It’s amazing how clear the view is from the other side of the fence. After years as a media executive, I’ve recently become an executive recruiter. While you might find the story of my personal transformation interesting, you’ll really want to know what I’ve learned. (Spoiler alert: I made all these mistakes as an operator.)
Here are The Top Five Mistakes Companies Make When Recruiting Executives.
- Goal Confusion
Many companies, large and small, don’t know specifically what they’re trying to accomplish with an executive hire. The boards or executives at these companies haven’t put in the hard work of getting detailed about what they want this executive to do.
- An early-stage company wants a revenue executive but lacks clarity about its customer use case.
- A growth company wants a technology executive but hasn’t prioritized between scaling the stack and driving the product set.
- The CEO wants a disruptive CMO but the COO wants an operator.
The result: A long, dragged-out—and sometimes broken—search process that yields executives unprepared to create value.
- Underestimating the Challenge
Hiring good executives is hard, really hard. And finding and hiring transformational talent is even harder. No matter how big your personal network may be or how confident your internal recruiters may be, finding the 150 or even five best potential candidates for a given role and working the process through to an accepted offer is as difficult as any sales process in any industry.
The result: Executives waste precious months of their own time, miss opportunities, and rarely produce a lasting result.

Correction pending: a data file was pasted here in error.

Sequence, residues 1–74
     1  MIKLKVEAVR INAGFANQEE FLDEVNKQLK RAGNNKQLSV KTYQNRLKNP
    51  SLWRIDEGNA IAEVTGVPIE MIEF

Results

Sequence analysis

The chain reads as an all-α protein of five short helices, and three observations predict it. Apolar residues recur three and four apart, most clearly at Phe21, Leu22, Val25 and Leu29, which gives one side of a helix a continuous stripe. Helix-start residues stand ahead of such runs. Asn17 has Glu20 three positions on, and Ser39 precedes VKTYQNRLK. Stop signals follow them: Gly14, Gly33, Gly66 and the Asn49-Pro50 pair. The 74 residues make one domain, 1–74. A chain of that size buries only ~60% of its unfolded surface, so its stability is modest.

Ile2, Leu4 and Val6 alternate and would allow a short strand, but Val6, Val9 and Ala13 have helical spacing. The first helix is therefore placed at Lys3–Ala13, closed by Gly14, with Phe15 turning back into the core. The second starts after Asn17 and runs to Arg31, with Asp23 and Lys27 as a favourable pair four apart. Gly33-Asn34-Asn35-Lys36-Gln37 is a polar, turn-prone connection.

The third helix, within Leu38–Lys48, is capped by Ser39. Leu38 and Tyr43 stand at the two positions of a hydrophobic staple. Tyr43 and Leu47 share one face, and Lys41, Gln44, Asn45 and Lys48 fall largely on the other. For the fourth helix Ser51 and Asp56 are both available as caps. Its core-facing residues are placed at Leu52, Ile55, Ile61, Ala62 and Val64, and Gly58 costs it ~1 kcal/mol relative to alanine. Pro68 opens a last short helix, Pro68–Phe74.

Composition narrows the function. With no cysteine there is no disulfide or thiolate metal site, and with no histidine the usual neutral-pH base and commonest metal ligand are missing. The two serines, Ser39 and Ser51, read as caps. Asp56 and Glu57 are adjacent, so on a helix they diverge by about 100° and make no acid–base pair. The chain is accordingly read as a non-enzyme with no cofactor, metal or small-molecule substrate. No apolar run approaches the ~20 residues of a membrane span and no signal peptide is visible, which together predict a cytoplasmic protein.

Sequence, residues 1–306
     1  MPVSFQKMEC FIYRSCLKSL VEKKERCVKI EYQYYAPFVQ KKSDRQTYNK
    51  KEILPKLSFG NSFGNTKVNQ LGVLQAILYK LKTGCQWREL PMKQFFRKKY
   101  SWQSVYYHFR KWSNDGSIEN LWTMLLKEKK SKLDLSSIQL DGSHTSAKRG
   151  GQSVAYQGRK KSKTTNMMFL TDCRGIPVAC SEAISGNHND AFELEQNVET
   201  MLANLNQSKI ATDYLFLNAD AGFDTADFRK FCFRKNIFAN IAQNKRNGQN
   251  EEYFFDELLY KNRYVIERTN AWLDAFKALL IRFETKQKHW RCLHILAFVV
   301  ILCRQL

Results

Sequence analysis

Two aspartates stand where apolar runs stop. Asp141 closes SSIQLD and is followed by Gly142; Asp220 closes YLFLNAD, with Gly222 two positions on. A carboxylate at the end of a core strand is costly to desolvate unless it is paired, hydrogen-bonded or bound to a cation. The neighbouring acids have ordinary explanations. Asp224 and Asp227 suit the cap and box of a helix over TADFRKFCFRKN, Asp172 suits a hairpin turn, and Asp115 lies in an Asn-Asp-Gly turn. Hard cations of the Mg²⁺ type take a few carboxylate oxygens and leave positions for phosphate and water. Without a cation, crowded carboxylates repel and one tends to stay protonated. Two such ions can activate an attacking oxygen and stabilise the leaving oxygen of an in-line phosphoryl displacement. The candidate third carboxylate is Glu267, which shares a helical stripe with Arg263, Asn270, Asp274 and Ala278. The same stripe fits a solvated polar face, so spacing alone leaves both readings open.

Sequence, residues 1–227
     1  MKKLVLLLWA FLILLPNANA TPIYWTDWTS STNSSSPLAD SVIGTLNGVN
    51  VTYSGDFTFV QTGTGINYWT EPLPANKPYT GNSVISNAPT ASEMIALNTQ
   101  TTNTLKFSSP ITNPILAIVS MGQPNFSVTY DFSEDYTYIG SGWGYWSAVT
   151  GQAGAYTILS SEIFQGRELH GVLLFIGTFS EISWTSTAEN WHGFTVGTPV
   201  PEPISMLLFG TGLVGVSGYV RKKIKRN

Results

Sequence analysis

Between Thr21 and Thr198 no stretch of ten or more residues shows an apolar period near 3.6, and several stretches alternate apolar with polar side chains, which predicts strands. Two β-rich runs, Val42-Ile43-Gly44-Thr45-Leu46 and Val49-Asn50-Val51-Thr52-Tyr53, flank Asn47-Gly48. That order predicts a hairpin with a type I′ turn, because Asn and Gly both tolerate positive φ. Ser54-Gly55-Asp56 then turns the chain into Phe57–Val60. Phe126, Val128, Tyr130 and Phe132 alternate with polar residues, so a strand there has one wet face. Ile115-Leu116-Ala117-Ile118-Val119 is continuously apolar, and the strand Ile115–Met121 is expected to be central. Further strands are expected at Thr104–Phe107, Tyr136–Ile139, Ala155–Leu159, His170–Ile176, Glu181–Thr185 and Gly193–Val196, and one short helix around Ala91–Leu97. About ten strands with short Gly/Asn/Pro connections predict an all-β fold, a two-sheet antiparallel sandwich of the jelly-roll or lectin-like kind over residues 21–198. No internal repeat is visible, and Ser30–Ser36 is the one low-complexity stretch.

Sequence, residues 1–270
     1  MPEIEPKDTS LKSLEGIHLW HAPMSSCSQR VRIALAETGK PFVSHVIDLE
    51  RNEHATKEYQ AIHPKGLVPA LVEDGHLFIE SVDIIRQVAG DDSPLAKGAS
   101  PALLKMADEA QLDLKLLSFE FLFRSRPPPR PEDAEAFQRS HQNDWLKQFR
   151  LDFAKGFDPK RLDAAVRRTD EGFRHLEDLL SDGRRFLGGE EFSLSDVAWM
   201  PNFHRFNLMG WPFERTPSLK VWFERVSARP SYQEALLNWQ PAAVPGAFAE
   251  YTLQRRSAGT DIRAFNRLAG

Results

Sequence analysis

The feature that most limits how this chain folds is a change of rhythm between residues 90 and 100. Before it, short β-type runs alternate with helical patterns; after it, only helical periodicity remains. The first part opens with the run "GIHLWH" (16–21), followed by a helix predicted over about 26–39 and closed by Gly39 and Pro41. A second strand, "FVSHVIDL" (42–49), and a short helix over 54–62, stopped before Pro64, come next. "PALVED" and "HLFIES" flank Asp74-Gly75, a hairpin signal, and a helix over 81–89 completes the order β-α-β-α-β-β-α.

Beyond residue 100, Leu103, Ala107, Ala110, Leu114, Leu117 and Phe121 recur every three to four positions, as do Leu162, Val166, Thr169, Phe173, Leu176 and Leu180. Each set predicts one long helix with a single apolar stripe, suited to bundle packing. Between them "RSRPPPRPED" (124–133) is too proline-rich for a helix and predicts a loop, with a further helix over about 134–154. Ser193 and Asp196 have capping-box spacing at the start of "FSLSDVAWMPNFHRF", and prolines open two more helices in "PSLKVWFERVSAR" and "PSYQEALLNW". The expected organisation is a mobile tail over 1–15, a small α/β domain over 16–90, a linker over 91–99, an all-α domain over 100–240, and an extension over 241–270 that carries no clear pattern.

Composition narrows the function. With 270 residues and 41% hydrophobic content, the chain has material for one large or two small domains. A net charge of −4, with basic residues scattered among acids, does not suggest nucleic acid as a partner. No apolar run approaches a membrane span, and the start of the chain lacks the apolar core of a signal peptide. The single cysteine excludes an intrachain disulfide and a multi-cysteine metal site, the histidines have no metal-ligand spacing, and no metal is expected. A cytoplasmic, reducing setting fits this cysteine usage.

- Underestimating the Challenge, Part 2
Hiring executives at hot companies or well-known brands assume everyone wants to work for them. While that assumption is totally understandable from a human psychology point of view, it’s is a fallacy and puts the hiring company at a competitive disadvantage. Successfully recruiting rock star talent requires a thoughtful and aggressive go-to-market approach.
The result: Weak collateral or an inept recruiter phone pitch will likely turn off an executive with the potential to transform your business. Again, it’s human psychology: it’s easier to say no.
- Search Firm Assumptions, Part 1
Many executives think they know how search firms operate. They assume there’s some kind of secret list or magic that differentiates firms. But there’s no magic. What differentiates firms is the same thing that differentiates executives: IQ, EQ, experience, approach, and lots of hard work.
The result: Companies hire the wrong firms, searches are protracted, the new executives don’t stick, and sometimes searches fail altogether.
- Search Firm Assumptions, Part 2
Executive search scales in the same way that Special Forces operations scale: not at all. Reputable search firms, large and small, today all have roughly the same weapons. If you’re going after a high value target, you want Seal Team Six.
The result: Picking a firm based on anything other than specific track record and references means choosing a firm focused on their own margins and not your company’s future.
The solutions to the above are basically about being thoughtful and deliberate about executive talent. What specifically does a new executive need to accomplish? How does work get done in your company? Who are the influencers? And which firm can prove that will invest the effort and has the track record needed to be a real partner and deliver results.
Whether a company has revenues less than $5 million, is a $100 million high flyer at an inflection point, or is a public company trying to drive growth, the most critical success factor is talent. From where I’m sitting now, those insights—put into action—is what separates great from merely good companies.